COMING UP

Winning images of The World We Live In 2013 photo contest Street portraits: how to approach strangers and improve your portrait skills Smart devices as the photographer’s digital assistant 8 tips for shooting tack-sharp photos How to read and use the histogram Compact-system lenses and adapters The latest imaging products reviewed And more…

PHOTO LIFE


URBAN REPORTER SERIES street-smart messenger

Find out more at lowepro.com/urban-reporter Distributed by DayMen Canada - daymen.ca Š2013 DayMen Canada Acquisition ULC


EXPOSURE YOUR VIEW . WHAT’S ON . IN FOCUS . BOOK REVIEWS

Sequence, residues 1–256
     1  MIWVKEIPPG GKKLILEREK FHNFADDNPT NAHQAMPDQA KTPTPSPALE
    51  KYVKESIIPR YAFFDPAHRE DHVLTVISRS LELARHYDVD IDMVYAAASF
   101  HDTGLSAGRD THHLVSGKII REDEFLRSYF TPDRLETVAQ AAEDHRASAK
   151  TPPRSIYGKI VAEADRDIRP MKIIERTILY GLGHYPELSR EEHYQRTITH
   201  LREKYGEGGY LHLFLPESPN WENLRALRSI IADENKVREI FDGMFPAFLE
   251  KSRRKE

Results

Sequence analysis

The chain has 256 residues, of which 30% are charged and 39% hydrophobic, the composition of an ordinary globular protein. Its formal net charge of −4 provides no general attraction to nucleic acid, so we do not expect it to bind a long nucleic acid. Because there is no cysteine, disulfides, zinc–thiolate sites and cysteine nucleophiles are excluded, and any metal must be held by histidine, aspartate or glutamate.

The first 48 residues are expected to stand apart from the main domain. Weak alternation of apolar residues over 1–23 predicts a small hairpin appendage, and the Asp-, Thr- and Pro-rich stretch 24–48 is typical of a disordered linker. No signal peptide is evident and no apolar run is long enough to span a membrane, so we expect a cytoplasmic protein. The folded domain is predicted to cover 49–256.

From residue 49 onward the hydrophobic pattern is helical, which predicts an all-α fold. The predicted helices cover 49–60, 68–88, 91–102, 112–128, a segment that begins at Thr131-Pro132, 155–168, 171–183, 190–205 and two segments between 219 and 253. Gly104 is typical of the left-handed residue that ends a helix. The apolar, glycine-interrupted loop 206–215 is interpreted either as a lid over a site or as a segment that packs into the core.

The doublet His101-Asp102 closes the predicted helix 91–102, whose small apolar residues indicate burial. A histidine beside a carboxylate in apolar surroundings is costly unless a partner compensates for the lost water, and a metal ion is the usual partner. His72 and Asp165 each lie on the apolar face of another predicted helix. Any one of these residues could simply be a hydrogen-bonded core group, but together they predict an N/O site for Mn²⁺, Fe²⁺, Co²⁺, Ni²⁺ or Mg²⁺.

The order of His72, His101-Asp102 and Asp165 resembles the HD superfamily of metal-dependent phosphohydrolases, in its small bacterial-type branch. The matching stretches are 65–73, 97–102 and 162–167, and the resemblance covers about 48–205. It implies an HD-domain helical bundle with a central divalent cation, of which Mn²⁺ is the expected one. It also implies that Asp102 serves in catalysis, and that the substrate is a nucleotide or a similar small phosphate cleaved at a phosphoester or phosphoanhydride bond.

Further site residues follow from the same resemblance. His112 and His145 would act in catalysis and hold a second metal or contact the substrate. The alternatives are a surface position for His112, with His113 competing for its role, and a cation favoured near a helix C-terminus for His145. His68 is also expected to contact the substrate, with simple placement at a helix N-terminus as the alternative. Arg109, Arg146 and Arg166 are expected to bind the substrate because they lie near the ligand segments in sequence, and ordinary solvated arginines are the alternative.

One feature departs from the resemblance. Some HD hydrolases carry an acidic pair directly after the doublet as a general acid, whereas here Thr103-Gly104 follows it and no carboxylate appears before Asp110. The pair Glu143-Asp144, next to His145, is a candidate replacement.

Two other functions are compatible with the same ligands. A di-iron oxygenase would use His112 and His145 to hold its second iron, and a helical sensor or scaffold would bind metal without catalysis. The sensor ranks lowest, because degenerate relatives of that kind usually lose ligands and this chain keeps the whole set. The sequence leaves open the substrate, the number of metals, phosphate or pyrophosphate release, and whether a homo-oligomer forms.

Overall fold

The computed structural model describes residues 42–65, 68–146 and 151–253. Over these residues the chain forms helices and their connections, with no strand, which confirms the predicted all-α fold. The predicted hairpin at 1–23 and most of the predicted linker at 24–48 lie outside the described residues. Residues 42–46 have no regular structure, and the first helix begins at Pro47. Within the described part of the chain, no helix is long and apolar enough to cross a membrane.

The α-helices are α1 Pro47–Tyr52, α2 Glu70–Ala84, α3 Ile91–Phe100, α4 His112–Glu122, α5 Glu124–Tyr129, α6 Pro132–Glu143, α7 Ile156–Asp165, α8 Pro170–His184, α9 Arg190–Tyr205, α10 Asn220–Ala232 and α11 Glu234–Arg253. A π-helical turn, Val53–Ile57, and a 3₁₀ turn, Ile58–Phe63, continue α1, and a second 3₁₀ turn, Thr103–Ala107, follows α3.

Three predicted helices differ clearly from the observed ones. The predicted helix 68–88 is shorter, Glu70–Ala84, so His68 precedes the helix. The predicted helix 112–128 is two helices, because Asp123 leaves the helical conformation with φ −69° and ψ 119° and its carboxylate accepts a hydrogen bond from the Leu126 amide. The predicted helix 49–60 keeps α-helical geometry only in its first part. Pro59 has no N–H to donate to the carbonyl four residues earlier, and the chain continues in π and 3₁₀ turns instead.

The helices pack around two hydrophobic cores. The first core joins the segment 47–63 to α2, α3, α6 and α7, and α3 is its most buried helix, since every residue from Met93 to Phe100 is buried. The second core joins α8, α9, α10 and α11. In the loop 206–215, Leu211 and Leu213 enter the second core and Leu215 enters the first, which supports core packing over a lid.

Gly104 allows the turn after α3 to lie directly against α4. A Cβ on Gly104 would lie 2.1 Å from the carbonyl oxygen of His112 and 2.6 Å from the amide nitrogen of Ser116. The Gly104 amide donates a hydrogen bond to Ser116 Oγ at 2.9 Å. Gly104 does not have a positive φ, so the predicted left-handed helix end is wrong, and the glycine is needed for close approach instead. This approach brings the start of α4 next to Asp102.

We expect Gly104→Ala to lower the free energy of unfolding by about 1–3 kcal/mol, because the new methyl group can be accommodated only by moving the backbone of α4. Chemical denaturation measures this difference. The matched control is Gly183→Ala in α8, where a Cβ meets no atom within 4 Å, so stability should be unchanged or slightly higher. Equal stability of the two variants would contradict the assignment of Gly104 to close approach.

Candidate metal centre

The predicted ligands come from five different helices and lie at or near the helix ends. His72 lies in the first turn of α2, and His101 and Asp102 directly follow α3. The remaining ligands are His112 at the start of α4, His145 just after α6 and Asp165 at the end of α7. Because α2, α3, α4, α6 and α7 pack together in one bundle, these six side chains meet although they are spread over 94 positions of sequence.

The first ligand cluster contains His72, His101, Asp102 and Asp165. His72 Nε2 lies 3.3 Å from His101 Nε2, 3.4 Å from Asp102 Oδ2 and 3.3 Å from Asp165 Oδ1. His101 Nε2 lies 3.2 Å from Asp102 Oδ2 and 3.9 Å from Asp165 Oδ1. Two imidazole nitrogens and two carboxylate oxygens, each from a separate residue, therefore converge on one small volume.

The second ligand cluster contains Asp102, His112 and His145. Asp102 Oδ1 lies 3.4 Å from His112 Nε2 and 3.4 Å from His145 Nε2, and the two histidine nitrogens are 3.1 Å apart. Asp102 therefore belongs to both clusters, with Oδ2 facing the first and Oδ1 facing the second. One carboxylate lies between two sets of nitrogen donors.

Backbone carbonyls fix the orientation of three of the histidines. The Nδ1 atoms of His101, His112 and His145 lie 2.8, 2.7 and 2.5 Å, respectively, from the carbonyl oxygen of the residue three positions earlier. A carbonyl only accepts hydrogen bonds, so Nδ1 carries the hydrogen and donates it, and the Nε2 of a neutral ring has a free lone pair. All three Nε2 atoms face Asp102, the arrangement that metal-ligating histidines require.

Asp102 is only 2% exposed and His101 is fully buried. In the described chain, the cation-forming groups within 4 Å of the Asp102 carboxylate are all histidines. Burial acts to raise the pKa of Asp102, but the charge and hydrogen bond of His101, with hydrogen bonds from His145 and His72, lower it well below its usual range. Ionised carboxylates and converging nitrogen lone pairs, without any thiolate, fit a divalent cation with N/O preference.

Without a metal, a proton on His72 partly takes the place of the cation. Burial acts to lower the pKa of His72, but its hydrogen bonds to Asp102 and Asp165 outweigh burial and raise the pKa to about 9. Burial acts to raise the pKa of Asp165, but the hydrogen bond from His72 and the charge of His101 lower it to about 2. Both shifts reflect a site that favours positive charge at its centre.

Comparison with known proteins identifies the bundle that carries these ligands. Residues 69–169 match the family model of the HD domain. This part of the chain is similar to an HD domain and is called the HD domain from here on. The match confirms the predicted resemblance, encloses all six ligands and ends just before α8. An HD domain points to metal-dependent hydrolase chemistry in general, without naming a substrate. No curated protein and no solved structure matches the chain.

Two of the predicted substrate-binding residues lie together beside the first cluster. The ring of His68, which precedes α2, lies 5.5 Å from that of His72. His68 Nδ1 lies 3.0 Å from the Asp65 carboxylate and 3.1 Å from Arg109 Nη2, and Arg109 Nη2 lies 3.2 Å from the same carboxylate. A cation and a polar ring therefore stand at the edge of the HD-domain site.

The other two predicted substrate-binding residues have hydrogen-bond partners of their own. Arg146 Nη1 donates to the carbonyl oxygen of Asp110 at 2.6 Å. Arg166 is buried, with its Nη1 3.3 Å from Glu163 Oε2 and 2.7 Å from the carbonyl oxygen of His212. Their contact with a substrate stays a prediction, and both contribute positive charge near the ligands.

[your view] PHOTOGRAPHIC PLANS FOR 2014 I was reading Photo Life’s December/January issue and found the part about your contributing photographers’ 2014 plans very interesting. So, here’s some of mine. I’d like to work with HDR; my Olympus E520 DSLR doesn’t have it built-in, so I’ll need a software to work with. I’d also like to research getting a Sigma lens for that camera. I understand there is a lens-mount conversion kit out there, so that’s something to look at. In a totally reverse-thinking mode, after stating the above, I’d like to resurrect my Pentax ME Super 35-mm camera and get some black-and-white images once more. I really enjoyed that camera, and even though I wore mine out (winder quit), my son donated his with a pile of lenses, so there’s no excuse not to get out there with it. Last, and here’s the biggy, I purchased a medium-format Japanese camera a few years ago, which had previously been owned by a professional photographer. Further to this, I obtained a plethora of professional darkroom equipment and proceeded to construct a darkroom in my basement. OK, I suffer from the “follow-through” procrastination mentioned by your contributors, so there was a cessation of work for several reasons. Well, I’m now starting to warm up to